Israel's Iron Dome aerial defence system intercepts a rocket launched from the Gaza Strip, controlled by the Palestinian Hamas movement, above the southern Israeli city of Ashdod, on May 11. (Image: AFP)
The simplicity of the idea had proved seductive: A homeland for the world’s Jews, cradled together with Palestine’s Arabs in the arms of Imperial Britain. Then, in 1923, came a warning. “Every native population, civilised or not, regards its lands as its national home of which it is the sole master,” the Zionist leader Ze’ev Jabotinsky observed, “and it wants to retain that mastery always; it will refuse to admit not only new masters but, even new partners or collaborators... It is utterly impossible to obtain the voluntary consent of the Palestine Arabs for converting ‘Palestine’ from an Arab country into a country with a Jewish majority.”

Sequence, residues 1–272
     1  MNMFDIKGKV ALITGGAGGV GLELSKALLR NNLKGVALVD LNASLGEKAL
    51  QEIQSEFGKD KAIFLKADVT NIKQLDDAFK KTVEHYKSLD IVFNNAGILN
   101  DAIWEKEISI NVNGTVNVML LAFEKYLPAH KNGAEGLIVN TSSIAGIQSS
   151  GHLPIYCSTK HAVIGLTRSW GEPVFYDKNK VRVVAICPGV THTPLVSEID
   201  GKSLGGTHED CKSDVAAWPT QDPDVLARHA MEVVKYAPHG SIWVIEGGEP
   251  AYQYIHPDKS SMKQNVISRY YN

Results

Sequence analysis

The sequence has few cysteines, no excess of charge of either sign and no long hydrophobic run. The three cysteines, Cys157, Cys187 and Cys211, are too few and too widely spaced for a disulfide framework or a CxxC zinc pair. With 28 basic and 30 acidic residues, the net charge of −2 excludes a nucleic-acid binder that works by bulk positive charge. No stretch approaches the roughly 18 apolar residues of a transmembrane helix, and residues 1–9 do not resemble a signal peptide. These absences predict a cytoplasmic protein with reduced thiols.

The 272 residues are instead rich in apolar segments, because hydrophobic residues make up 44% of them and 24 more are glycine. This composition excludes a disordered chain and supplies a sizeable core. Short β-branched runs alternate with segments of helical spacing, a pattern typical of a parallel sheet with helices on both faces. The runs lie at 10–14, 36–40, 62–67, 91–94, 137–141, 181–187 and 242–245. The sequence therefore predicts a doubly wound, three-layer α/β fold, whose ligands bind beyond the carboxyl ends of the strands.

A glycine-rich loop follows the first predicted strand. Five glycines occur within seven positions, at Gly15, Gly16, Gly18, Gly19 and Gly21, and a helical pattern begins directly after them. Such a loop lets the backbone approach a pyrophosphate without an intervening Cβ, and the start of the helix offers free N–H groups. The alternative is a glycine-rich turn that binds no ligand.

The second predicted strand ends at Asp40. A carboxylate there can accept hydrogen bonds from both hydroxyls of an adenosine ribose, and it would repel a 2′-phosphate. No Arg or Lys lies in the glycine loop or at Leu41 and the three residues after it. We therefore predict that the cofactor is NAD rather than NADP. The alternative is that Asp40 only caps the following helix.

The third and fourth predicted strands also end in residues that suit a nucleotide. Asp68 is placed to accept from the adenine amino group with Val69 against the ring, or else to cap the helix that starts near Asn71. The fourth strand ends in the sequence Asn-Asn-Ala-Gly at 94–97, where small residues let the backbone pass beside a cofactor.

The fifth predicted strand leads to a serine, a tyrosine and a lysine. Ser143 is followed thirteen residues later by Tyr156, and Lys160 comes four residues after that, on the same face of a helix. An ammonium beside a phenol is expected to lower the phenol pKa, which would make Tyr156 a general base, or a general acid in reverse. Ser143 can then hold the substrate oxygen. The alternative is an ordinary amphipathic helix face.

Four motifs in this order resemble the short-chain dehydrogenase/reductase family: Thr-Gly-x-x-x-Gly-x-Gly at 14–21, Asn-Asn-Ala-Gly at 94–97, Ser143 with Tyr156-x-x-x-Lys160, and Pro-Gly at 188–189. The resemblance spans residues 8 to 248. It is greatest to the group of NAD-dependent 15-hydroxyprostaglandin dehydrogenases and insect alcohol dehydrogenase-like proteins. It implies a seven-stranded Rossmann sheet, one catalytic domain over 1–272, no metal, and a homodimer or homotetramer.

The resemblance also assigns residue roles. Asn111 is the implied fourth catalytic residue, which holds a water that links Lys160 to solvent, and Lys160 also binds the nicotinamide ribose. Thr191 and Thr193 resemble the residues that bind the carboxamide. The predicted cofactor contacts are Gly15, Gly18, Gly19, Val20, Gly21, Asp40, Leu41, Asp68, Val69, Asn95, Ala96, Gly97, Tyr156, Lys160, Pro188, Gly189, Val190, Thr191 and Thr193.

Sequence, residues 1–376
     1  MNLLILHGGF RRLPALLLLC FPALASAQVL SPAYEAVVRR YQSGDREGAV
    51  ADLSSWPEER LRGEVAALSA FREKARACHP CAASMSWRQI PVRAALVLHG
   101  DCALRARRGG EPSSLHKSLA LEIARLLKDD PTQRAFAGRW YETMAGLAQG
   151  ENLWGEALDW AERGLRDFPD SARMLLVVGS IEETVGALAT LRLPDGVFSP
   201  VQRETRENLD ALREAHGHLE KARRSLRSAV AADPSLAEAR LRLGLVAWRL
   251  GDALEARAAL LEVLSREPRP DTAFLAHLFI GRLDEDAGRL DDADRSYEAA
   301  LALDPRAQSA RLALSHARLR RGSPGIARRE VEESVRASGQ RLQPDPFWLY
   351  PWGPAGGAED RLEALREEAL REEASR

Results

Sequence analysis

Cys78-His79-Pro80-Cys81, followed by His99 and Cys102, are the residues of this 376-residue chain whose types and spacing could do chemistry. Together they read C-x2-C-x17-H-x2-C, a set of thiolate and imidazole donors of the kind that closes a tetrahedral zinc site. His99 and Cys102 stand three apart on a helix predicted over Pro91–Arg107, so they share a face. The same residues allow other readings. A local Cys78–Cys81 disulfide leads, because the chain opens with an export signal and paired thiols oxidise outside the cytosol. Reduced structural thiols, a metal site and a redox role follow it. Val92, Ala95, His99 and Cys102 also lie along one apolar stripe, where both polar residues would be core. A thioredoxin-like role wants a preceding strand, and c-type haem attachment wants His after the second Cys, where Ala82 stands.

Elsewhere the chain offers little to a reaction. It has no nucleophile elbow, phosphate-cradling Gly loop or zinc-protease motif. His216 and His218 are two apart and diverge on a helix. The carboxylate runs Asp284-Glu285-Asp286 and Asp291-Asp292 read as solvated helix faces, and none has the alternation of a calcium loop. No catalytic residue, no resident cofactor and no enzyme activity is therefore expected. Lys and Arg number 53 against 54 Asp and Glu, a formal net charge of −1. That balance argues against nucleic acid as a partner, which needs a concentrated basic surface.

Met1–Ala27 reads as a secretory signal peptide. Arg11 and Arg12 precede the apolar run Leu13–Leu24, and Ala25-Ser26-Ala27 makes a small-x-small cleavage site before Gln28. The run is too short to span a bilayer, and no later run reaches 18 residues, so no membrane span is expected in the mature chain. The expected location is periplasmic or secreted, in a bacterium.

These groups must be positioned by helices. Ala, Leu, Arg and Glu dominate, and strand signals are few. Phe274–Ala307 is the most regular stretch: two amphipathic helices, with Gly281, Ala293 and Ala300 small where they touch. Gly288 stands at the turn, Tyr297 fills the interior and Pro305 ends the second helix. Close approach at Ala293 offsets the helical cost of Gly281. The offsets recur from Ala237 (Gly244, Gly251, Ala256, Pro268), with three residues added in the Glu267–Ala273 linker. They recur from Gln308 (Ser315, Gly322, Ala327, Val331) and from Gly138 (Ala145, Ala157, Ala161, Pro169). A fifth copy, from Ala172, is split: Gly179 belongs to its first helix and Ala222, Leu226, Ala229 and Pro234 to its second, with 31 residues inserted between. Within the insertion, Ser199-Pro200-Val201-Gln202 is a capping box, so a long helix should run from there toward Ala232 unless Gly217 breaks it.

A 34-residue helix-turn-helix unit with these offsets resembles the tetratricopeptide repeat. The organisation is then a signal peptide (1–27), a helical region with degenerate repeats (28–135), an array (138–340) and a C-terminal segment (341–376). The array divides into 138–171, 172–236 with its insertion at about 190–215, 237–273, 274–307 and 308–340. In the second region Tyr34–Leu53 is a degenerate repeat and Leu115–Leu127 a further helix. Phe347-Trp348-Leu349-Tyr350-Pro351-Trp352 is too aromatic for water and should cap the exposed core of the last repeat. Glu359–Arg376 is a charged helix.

Israel, Jabotinsky concluded, “can proceed and develop only under the protection of a power that is independent of the native population—behind an iron wall, which the native population cannot breach”.
The strategic rationale for Israel’s missile defence is elegant: it saves lives; denies adversaries critical leverage, eases pressure on the leadership to resort to clumsy military action. Like all elegant rationalisations, though, this one isn’t going quite to plan. Technology can provide solutions to tactical military problems; it does not give guidance on how complex political problems ought be addressed.